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How do we quantify microorganisms?

The technique we use for Q-Bioanalyses is called Quantitative Polymerase Chain Reaction (Q-PCR). It is a technique we have been using for the past 10 years which enables us to detect and quantify microorganisms based on distinguishing features on their genetic material: DNA and/or RNA (a measure for activity).


We use the Q-PCR method within our consultancy and research projects as it gives us accurate and quantitative results (it can distinguish between 1 and 1.0x1012 (1 trillion) microorganisms without the need to dilute a sample). The method is also suitable for routine monitoring of processes and therefore enables us to accurately follow a microbial process in time. Over the years we noticed that our analyses were also of value to third parties which is why we now offer them as separate labservices to anyone who has the need to gain insight and/or control over microbiology.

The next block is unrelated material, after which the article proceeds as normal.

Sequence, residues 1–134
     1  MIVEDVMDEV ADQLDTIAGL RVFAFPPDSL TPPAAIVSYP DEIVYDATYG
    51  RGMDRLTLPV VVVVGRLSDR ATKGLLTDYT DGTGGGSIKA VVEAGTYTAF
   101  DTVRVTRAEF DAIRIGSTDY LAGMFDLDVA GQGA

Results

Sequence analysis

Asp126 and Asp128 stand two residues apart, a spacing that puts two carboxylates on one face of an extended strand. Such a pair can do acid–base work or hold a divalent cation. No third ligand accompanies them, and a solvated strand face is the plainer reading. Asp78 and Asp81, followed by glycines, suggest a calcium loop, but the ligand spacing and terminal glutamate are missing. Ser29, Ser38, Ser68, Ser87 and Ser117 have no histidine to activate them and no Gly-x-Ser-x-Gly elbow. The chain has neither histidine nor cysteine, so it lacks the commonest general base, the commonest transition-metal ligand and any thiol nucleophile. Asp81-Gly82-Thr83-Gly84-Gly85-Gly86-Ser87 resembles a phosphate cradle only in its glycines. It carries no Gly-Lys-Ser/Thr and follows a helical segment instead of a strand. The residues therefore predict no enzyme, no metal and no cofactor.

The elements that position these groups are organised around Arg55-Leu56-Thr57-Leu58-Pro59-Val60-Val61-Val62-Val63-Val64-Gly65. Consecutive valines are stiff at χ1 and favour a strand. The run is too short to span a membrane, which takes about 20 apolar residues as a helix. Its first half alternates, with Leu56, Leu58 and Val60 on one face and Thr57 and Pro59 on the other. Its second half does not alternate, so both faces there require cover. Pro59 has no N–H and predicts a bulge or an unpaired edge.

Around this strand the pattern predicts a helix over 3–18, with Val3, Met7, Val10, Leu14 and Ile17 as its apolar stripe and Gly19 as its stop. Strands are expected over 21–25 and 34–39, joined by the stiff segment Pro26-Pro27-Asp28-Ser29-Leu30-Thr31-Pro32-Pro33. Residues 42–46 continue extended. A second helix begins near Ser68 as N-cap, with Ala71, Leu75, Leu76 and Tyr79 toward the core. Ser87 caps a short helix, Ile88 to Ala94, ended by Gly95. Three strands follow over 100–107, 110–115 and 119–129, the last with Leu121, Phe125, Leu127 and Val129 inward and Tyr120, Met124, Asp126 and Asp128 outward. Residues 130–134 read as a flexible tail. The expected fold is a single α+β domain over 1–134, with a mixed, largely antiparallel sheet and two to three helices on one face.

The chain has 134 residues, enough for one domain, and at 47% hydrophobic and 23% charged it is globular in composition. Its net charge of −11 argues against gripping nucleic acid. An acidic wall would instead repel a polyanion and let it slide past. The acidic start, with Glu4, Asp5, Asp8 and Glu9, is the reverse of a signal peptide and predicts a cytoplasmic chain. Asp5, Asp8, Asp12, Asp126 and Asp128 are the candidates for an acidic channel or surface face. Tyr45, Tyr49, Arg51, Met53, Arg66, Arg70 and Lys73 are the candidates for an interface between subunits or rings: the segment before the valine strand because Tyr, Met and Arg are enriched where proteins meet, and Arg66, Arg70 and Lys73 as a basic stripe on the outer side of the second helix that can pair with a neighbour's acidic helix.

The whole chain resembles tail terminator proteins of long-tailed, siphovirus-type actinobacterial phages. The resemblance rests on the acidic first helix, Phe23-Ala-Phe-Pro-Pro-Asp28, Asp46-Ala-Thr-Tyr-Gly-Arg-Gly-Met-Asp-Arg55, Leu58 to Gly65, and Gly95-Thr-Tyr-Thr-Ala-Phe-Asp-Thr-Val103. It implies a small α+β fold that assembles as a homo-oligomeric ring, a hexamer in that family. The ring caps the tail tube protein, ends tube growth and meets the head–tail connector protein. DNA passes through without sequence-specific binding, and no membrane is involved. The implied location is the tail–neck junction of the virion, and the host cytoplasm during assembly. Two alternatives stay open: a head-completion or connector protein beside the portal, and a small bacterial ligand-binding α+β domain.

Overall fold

Traditionally detection of microorganisms is based on growing them on selective growth substrates. This includes methods based on colony forming units (cfu), most probable numbers (MPN) or visual determination of, for example, colour changes. However, these methods have a number of drawbacks. Most importantly that many micro-organisms cannot be cultured under synthetic circumstances as the required growth conditions are unknown or cannot be reproduced. The percentage of micro-organisms that can be grown depends on the complexity of the sample and is usually estimated to be less than 1%!

Q-PCR is culture-independent and therefore enables micro-organisms to be found that will otherwise remain 'unseen'. The quantitative results are determined online and do not rely on interpretation based on visual observations or counting. Internal quality controls are included in all our Q-PCR analyses. That is why we use Q-PCR.